THE GREAT DEPRESSION
Big Four Boat BuildersIn additon to Chris Smith and Gar Wood, John L. Hacker and Horace E. Dodge had both entered the boatbuilding fray. Hacker built HackerCraft Boats, known the world over for their ?ne craftsmanship and sleek V-bottom design which allowed greater speed at lower horsepower. Mr. Dodge opened with a small shop in a corner of the family’s car manufacturing plant, which later expanded to 100 acres in Virginia. The new plant, in a spectacular piece of unfortunate timing, opened in the same week as the 1929 stock market crash. He employed 700 workers and was producing 40 boats a day. Dodge’s goal was to provide boats for the average family. However, every Dodge Watercar sold was actually a gift from Horace Dodge’s mother since they cost more to produce than the income received from the sale. During this time, every boat builder and engine manufacturer saw reduced orders and struggled just to stay in business. Gar Wood teetered on the edge of bankruptcy, but stayed with their luxury line of boats, and survived. Johnson Motors over- expanded and fell victim to the economic times, selling out to Stephen Briggs’ OMC corporation, completing the rollup with Evinrude, ELTO, Lockwood/Ash. Dodge stopped producing pleasure craft in 1936.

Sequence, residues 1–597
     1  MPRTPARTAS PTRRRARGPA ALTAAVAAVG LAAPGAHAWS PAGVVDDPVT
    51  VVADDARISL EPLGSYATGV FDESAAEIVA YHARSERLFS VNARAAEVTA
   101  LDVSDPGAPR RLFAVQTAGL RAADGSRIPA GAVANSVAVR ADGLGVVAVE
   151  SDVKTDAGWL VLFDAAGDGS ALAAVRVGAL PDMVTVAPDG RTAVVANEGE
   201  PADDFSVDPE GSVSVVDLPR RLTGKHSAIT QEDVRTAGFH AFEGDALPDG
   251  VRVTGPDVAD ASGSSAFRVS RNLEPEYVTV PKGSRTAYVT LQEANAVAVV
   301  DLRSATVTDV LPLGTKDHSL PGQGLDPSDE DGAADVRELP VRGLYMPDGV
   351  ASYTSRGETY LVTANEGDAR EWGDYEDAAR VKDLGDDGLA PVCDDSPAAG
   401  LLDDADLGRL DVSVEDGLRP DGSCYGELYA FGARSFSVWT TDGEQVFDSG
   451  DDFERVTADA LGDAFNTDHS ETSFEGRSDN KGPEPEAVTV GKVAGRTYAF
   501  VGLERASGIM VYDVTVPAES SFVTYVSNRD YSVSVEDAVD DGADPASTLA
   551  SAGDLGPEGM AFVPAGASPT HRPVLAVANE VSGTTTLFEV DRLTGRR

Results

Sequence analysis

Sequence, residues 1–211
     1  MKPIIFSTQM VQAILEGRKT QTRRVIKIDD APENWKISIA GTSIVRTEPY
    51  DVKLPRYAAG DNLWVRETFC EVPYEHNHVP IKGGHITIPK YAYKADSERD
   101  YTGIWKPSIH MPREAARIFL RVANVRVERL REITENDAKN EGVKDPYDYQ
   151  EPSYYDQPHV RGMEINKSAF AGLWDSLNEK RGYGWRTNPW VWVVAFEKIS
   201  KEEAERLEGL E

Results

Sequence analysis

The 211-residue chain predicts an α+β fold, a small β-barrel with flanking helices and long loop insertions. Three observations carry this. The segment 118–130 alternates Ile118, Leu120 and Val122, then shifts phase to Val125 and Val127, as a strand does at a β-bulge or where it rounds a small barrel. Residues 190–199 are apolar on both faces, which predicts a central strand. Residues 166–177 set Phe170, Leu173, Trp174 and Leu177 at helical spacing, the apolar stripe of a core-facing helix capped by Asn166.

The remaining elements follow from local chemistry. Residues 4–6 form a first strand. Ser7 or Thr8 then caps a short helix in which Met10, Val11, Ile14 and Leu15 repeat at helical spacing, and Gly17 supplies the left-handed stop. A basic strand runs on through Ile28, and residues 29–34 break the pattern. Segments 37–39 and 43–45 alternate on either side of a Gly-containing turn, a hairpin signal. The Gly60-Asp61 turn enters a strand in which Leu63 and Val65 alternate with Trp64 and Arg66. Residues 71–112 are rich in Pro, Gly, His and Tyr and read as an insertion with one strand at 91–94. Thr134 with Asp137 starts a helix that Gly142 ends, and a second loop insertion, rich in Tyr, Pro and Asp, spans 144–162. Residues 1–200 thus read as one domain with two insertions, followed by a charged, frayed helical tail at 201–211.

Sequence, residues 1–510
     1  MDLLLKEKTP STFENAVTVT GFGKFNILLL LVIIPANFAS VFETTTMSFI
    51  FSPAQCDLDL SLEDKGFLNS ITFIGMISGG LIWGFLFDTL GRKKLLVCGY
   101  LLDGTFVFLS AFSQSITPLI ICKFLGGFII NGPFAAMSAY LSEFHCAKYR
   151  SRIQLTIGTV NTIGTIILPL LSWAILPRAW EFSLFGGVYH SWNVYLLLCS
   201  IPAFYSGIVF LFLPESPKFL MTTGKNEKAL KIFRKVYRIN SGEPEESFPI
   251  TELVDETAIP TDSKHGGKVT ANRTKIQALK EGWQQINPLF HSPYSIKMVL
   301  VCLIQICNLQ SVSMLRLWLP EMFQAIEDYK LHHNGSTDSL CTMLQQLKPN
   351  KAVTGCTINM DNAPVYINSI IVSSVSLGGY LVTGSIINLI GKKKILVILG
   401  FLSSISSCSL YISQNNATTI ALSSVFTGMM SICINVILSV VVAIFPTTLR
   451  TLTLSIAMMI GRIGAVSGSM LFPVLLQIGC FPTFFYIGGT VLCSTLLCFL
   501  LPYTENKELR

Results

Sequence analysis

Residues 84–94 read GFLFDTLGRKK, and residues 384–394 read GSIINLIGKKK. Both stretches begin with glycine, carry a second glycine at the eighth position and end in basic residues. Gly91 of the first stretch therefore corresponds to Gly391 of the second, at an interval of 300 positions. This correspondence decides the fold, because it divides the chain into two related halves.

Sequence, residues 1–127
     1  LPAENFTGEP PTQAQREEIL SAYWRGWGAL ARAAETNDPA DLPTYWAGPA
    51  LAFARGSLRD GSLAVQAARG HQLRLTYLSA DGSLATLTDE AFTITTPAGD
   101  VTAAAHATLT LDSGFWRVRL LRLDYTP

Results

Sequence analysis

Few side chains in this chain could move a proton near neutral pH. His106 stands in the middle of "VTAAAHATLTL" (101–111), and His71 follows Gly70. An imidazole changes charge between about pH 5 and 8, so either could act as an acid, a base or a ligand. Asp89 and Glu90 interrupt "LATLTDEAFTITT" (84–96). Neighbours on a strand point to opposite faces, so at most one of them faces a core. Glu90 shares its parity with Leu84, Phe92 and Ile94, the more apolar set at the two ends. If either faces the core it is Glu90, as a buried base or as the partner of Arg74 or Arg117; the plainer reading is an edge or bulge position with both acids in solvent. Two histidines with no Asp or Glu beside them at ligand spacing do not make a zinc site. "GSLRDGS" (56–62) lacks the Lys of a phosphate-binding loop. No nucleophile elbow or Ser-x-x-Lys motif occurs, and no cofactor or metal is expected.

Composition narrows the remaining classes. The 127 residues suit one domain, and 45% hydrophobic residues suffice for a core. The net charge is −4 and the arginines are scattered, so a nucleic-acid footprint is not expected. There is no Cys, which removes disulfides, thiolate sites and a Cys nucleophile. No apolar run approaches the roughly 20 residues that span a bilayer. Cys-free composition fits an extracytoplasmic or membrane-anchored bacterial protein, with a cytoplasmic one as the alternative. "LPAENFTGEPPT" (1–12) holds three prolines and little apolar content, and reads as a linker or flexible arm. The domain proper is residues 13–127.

CanoesFancy color designs began to become ‘big’ in 1930. The Old Town Canoe Company catalog shows 9 color combinations, and others could be ordered as well. Other options such as cane or slit back chairs were available as well as foot braces, carrying yokes and a variety of different paddles.
Cruiser for $1495!In a sign of the times, buyers were scarce, and the boat and engine manufacturers sold product virtually at cost just to keep their doors open. A 15.5' Chris Craft Utility sold for just $406, and a 19 foot Dodge boat, yours for $695.
Average Salary: $1,506/Yr
New House: $5,972
New Car: $800
Quart of Milk: 11¢
Gold per ounce: $35.00